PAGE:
I was heading to an annual football clinic in Seattle when I received a message from Coach Cumbie, and he wanted to let me know that Coach Randy Jackson (who was at Grapevine High School at the time) was going to be a speaker at the clinic to talk about culture. He told me that this would be a session that I absolutely could not miss. I made sure to catch Coach Jackson and, as he would say, he “brought the juice” that day with his passion and advice on how to build a championship culture. At the end of the session, he was kind enough to let all of the coaches know that they were welcome to come down to Grapevine and learn about their program culture first hand. This was an opportunity that I absolutely could not turn down.

I booked my flights and a few months later was headed down to watch a week of spring ball at Grapevine to absorb their culture and learn from one of the best in the business. I had a great time and hit it off with Coach Jackson, talking ball and culture with him. I headed home with a new plan to implement into my program and was yet again in awe of the overall culture of Texas football. I wanted to make sure that I could learn as much as possible and to have it fresh in my mind, so I flew out again in October to catch a Grapevine home game. It was amazing to see the the atmosphere and how the entire community was out supporting their football team.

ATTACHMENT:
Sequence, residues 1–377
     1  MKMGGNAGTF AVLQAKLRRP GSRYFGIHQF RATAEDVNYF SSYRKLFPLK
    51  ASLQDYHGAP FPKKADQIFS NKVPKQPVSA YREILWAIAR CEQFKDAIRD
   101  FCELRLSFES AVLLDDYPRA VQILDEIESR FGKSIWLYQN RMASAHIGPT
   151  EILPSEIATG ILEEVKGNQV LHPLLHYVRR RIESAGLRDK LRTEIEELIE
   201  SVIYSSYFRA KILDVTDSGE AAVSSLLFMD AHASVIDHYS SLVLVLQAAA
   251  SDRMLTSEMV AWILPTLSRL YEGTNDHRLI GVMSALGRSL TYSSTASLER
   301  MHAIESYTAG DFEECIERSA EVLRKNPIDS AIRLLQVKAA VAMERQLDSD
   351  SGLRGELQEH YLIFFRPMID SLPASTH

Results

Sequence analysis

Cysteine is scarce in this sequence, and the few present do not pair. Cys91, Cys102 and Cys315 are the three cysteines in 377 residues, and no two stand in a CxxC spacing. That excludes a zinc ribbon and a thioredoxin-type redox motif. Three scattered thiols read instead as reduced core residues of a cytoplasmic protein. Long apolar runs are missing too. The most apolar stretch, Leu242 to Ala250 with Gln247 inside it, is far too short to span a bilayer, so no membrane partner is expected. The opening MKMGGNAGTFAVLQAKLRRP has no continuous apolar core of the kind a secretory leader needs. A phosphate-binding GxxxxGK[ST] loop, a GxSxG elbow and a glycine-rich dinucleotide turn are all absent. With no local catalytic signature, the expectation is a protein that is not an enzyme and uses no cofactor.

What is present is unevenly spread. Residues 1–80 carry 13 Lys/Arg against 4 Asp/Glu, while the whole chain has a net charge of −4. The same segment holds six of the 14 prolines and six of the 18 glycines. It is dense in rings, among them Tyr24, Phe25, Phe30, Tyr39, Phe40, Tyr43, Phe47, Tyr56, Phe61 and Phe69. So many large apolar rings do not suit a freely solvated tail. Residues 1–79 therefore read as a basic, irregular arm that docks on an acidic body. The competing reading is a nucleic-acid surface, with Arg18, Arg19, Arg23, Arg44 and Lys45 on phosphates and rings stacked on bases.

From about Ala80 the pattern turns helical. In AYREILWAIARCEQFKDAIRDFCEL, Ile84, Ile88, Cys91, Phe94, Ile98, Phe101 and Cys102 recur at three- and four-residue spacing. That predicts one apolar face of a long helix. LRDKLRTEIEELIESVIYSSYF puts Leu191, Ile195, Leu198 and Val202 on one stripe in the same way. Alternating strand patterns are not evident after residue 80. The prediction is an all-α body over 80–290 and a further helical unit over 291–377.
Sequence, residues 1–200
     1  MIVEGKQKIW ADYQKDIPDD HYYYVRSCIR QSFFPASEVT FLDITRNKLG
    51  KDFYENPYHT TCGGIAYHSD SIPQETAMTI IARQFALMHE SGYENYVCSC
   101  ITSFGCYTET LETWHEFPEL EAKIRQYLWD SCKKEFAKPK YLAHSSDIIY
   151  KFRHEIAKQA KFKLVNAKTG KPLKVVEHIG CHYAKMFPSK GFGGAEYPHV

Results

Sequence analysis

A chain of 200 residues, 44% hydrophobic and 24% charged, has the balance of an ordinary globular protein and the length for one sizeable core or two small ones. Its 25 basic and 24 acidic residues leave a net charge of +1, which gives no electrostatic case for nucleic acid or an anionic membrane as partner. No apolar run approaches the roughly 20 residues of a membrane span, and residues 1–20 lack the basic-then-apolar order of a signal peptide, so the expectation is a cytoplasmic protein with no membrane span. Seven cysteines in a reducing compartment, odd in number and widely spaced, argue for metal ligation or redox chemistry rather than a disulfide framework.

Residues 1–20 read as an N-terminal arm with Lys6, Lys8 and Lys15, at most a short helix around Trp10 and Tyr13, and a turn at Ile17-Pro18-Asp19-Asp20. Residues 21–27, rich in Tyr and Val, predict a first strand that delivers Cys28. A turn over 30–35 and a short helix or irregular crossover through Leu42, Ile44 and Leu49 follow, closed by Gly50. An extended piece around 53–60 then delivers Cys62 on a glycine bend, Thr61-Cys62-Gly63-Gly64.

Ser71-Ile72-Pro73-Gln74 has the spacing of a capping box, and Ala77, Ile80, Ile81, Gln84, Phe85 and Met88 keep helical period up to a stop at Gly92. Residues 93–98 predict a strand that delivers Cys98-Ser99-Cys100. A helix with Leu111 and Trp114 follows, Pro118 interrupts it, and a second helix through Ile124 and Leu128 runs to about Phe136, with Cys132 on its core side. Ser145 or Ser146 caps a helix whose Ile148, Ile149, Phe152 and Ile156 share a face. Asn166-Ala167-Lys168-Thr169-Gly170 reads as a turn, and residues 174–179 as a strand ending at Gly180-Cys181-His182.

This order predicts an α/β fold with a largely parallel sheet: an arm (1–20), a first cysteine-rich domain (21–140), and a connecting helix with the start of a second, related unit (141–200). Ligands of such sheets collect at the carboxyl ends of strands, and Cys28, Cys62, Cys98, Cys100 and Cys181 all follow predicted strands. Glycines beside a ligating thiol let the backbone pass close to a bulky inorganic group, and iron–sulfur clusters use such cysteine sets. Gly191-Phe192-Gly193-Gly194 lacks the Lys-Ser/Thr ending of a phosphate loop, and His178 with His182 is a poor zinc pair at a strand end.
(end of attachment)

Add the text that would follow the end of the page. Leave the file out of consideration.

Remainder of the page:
After the game, Coach Jackson told me that if I was amazed by their game that I should go to watch Southlake Carroll vs. Euless Trinity the following day for an even bigger crowd, as they were both top 10 6A teams. We took him up on the suggestion and made our way over to Dragon Stadium to catch an amazing game in front of roughly 14,000 screaming fans. We followed this up on the Saturday by heading over to TCU as Coach Cumbie was now on their staff and they were playing Oklahoma. I was speechless after this weekend and realized that I had a chance to be a part of something special.

Over these past eight years of being exposed to the Texas football culture I have been able to learn so much about building not only a successful program, but how to start a culture and build a family. I have learned the bond and respect that the coaching brotherhood has for each other and how open and willing they are to help each other out. I always knew how important football was to a young person their development for life, but after my experiences in Texas I can now see better than ever how much of a positive impact it can have on both the individual players and their surrounding community.

For any young coaches out there who have the chance to go and experience the Texas football culture first hand, I would say to you that this is an opportunity you cannot miss out on for your growth as both a coach and a person. Texas is an amazing place and it now holds a special place in my heart. I would have never been able to have as much success in my coaching career without the friendships that I have forged with coaches during my experiences in Texas. I’m beyond excited to head back down in August to visit Texas Tech again, and to see Coach Jackson’s new team at North Forney. I’m sure that this trip will help me continue to grow as a coach and work toward my goal of one day joining the Texas football coaching family.


By: Adam Smith

August 1, 2017